Posts Tagged ‘celebrity’
Challies calls it “humble celebrity” but I think it’s more anti-celebrity:
Doug was working for Operation Mobilization and was stationed in London during their big annual conference. He was assigned to the clean-up crew. One night at around 12:30 AM he was sweeping the steps at the conference center when an older gentleman approached him and asked if this was where the conference was being held. Doug said that it was, but that just about everyone had already gone to bed. This man was dressed very simply and had just a small bag with him. He said that he was attending the conference. Doug replied he would try to find him a place to sleep and led him to a room where about 50 people were bunked down on the floor. The older gentleman had nothing to sleep on, so Doug laid down some padding and a blanket and offered a towel for a pillow. The man said that would be just fine and that he appreciated it very much.
Read it all for a lesson.
Tim Challies with some insightful comments on the way celebrity works, especially among Christians.
Who are these narcissistic, self-expansive celebrities “leaders?” You’ll know them by how they set up mini-empires around themselves (with dot coms, conferences, etc.) and (and this is an important “and”) how they respond to criticism and challenge. In an age of celebrity Christianity, narcissistic leaders are running wild and free while being supported by others who care more about their topical content than their narcissistic affects on others.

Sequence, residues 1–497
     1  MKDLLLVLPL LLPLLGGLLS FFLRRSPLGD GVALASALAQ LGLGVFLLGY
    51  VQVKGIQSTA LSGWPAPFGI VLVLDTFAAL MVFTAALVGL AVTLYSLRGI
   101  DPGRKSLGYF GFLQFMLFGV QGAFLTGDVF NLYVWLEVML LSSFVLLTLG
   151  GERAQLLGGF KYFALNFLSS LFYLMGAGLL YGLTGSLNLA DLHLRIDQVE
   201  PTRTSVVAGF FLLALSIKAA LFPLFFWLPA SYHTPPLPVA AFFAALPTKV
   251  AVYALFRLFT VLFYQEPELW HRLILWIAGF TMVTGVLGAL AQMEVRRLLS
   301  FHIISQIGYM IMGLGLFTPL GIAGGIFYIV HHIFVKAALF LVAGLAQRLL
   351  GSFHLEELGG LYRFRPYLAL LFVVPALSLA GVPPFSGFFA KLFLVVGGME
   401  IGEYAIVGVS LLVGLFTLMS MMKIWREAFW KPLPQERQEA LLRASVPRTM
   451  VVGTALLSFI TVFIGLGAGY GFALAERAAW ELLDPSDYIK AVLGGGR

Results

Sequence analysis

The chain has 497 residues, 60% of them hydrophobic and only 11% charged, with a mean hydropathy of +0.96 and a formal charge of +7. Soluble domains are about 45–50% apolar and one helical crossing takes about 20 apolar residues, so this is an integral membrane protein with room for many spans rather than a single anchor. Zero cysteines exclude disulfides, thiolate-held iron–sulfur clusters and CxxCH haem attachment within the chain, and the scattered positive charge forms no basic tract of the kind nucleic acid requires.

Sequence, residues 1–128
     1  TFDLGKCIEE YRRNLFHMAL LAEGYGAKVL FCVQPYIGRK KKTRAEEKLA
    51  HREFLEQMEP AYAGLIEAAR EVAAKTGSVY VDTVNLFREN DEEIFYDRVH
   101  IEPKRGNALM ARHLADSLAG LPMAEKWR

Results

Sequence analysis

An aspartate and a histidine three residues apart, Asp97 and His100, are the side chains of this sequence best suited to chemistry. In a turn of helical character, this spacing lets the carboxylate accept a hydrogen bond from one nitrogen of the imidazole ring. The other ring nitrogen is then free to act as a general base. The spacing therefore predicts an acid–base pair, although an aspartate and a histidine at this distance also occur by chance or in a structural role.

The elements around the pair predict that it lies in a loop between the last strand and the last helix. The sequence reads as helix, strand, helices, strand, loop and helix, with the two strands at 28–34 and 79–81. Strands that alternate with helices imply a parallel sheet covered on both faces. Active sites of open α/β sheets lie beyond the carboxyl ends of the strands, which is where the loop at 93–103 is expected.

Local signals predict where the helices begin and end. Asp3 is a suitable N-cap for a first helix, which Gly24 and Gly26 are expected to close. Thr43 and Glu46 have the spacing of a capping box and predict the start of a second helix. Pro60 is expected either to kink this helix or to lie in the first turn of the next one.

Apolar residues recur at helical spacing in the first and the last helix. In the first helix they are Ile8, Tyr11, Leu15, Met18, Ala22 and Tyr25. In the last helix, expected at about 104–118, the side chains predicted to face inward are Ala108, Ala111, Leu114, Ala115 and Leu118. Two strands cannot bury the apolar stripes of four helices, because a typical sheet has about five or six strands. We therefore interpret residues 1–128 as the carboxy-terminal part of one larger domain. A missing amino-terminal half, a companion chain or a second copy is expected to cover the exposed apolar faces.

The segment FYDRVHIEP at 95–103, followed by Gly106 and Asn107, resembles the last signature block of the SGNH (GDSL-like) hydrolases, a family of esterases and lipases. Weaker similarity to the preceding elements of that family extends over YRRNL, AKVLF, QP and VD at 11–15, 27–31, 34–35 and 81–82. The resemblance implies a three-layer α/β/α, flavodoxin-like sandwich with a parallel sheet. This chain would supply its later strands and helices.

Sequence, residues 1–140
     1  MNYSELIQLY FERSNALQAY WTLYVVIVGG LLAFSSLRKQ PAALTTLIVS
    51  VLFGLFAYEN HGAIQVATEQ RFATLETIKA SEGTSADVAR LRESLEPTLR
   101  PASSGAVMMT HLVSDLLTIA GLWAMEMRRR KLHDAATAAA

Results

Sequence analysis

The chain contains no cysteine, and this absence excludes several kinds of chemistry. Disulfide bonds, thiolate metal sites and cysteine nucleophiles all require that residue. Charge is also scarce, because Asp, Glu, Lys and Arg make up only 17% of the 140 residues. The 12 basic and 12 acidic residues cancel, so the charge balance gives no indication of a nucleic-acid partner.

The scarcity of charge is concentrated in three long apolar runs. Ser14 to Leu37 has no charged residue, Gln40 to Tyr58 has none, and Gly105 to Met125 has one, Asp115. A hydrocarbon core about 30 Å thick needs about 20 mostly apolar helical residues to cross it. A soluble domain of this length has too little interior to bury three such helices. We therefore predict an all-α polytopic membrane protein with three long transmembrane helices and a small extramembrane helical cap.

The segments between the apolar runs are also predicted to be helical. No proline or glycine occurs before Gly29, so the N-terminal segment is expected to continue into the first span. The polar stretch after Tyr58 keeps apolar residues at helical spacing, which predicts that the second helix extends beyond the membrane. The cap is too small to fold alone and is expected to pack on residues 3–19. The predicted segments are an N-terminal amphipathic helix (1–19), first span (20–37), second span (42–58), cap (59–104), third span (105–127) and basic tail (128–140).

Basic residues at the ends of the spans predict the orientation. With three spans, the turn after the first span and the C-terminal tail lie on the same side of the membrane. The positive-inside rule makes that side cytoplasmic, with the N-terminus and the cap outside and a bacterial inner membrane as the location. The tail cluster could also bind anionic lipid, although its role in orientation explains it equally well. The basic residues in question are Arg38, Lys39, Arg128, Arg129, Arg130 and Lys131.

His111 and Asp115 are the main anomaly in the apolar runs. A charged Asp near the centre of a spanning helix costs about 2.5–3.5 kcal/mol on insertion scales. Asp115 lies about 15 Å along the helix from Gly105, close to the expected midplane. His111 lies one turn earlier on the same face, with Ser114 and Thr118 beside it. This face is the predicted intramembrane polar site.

Why do think [sic] narcissistic leaders are so appealing to young conservative Protestants in the 20s and 30s?
Read the whole insightful piece (which could do with a touch of editing) here.
I met a “celebrity” pastor at T4G yesterday.
Find out what happened next, and what David thinks about the phenomenon, at HeadHeartHand.
The other day someone sent me this quote from William G. T. Shedd:
It is a dark day for a church and it betokens great spiritual decline when the people cease to be content with thoughtful, devout, and scriptural teaching, and clamor for celebrated preachers. The demand will create the supply, and the church will be filled with declaimers and ecclesiastical charlatans. There will be no truly great men produced; and what is far worse no truly good men.
Notice Shedd’s thoughtfulness. Celebrated preachers are not in themselves the problem; the issue is when we are not satisfied with anything else, when the messenger is elevated above the message. It creates a climate of mere performance in which the church suffers immeasurably.
I was pleasantly surprised and genuinely stimulated by this interview. Paxo is on good form, and in Russell Brand he has an interviewee who, rather than revealing his hidden shallows, actually manages to uncover depths that I imagine many of us might never have imagined he has.